Heavy menstrual bleeding, or menorrhagia, is more than an inconvenience.
It can be significantly disruptive to a woman’s life and may indicate
a serious medical condition. As a
Southern Hills Hospital & Medical Center OBGYN explains in
this video, there are several different potential causes of heavy bleeding, and the
specific cause dictates the necessary treatment. In honor of September’s
Gynecological Cancer Month, get the facts about heavy menstrual bleeding
and some of the potential triggers. It could save the life of you or someone you love.
Fibroids and Polyps
Uterine fibroids and polyps are benign growths that typically occur in
women during their childbearing years. They affect the lining of the uterus
and frequently cause heavy and prolonged menstruation. Doctors are unsure
why they occur, but they seem to be linked to estrogen levels and could
be caused by hormonal imbalances. Polyps that appear on the cervix can
also cause heavy bleeding. Uterine and cervical polyps can be surgically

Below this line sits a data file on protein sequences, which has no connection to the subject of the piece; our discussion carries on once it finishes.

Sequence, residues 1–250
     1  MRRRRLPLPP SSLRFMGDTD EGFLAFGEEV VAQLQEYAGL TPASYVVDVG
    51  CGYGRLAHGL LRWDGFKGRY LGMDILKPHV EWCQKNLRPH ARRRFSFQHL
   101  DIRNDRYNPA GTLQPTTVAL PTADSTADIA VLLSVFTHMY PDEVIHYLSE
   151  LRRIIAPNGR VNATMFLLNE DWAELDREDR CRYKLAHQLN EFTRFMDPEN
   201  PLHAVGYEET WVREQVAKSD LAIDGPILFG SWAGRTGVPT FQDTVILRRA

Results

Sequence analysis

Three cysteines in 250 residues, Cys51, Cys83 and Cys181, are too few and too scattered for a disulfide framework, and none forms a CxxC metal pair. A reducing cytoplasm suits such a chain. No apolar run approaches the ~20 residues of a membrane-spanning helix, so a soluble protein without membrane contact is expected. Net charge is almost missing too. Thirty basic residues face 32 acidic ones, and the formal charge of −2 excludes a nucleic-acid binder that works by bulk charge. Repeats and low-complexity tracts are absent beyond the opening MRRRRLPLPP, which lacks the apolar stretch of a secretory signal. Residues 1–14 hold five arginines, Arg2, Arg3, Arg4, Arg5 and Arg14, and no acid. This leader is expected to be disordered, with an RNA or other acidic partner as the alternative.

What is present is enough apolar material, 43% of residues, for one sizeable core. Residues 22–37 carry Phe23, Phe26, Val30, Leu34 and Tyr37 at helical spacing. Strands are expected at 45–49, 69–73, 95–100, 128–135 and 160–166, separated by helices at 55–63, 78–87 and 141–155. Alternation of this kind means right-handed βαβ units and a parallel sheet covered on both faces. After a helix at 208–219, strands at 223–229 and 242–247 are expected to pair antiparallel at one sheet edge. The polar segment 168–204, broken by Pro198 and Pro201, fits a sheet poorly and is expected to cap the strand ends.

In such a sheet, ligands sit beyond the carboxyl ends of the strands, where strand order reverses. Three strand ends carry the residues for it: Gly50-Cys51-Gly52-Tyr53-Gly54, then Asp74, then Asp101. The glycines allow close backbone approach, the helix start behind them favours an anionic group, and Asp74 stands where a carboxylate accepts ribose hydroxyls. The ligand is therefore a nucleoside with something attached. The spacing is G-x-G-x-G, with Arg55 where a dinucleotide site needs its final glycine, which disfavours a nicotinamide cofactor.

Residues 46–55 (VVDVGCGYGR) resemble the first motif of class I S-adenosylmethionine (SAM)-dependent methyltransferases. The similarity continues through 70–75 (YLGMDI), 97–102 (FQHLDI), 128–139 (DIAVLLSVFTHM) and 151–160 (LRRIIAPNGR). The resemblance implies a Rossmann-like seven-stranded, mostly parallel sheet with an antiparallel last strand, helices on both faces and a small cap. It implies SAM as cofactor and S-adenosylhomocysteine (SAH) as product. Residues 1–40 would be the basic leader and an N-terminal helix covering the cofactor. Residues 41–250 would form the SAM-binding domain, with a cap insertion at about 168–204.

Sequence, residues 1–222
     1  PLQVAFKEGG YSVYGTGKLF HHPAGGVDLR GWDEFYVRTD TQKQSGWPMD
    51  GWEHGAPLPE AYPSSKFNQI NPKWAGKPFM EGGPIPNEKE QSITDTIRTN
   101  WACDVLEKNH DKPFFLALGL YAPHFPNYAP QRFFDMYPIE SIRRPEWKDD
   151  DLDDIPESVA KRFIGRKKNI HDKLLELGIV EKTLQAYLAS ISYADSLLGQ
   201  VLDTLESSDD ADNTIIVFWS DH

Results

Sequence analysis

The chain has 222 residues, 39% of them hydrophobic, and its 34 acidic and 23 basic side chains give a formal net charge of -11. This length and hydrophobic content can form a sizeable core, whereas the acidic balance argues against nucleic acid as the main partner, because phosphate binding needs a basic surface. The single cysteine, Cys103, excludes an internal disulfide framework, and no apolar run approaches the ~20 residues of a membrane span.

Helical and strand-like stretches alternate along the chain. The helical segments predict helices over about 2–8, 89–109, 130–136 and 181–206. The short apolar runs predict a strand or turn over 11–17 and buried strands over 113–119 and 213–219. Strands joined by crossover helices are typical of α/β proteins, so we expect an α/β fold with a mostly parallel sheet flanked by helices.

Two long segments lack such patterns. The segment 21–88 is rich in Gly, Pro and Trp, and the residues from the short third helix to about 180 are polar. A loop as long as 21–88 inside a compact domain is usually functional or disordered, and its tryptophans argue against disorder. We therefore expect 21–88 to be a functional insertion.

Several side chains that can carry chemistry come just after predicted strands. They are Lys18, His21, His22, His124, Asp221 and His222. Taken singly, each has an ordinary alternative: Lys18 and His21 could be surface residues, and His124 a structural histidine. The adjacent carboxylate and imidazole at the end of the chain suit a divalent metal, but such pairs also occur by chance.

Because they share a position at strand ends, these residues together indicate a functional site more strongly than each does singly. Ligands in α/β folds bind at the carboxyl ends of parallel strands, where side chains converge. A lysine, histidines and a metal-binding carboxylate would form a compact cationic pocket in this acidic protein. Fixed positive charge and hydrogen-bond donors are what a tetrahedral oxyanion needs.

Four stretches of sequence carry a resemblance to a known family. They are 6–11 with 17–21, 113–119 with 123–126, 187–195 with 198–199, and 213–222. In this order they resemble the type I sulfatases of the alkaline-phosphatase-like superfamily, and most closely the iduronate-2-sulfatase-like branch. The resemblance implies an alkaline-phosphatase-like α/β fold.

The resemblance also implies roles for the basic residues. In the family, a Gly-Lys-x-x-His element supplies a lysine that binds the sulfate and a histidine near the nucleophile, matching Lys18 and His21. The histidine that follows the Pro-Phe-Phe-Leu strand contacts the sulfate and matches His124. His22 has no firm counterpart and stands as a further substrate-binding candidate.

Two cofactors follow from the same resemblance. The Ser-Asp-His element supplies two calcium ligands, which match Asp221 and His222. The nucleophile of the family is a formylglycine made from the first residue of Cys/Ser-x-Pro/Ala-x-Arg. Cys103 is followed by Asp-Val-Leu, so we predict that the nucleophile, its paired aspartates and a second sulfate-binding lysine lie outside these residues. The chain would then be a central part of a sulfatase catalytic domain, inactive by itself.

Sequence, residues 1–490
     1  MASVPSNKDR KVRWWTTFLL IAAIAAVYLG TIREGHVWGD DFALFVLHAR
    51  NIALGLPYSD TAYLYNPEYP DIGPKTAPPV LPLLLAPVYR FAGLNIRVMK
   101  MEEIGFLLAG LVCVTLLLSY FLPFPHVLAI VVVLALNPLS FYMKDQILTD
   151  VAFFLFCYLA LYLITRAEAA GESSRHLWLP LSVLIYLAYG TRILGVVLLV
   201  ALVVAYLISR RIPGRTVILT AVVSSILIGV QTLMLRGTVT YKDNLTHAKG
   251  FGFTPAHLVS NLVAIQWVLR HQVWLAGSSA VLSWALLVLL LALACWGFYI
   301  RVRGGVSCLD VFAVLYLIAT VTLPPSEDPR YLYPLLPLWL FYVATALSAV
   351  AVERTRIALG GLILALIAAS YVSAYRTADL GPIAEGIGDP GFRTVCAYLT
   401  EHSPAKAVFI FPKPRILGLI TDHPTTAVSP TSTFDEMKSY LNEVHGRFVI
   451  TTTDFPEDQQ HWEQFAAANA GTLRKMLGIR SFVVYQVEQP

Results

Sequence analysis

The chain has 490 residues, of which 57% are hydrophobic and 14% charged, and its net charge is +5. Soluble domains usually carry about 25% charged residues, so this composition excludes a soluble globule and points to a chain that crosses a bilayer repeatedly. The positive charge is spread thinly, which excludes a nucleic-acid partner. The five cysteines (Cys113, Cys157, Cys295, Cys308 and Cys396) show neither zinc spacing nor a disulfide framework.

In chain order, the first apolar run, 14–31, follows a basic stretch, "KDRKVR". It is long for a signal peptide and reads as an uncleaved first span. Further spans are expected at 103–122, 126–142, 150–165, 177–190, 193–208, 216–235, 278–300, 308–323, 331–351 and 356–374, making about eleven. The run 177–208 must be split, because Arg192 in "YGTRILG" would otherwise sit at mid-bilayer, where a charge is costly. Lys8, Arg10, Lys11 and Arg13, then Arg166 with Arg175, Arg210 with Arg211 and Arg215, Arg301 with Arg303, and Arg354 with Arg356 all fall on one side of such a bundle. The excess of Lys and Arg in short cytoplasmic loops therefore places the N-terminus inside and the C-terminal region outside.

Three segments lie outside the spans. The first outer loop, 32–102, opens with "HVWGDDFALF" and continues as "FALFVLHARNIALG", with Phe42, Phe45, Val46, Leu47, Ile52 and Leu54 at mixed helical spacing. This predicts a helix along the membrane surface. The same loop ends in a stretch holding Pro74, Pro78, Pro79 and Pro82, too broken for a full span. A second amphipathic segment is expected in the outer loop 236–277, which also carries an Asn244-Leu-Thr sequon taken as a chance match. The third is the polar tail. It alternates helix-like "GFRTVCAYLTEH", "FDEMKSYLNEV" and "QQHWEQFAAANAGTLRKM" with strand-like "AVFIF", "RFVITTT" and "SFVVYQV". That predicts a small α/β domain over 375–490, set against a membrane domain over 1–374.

removed. Treating fibroids is more complex. Surgical treatments, hormone
therapy, and even hysterectomies can be used to resolve uterine fibroids.
Hormonal changes during adolescence and menopause are frequently tied to
heavy menstrual bleeding. Some women also experience heavy menstruation
after giving birth as their hormones adjust after pregnancy. This kind
of heavy menstruation can often be treated with birth control pills or
other kinds of hormone therapy.
Uterine, cervical, and ovarian cancers can all cause heavy menstrual bleeding.
Although cancer is not the most common cause of heavy bleeding, it is
one of the reasons it is so critical to get your symptoms evaluated by
a doctor. Early diagnosis often allows treatment to begin before the cancer
spreads, which leads to better outcomes.
At Southern Hills Hospital & Medical Center, we’re pleased to
women’s health services, including maternity care, gynecological surgeries and breast care. Request
a referral to a specialist or find out more about our hospital services,
from emergency care to stroke care in Las Vegas, by calling (702) 880-2700.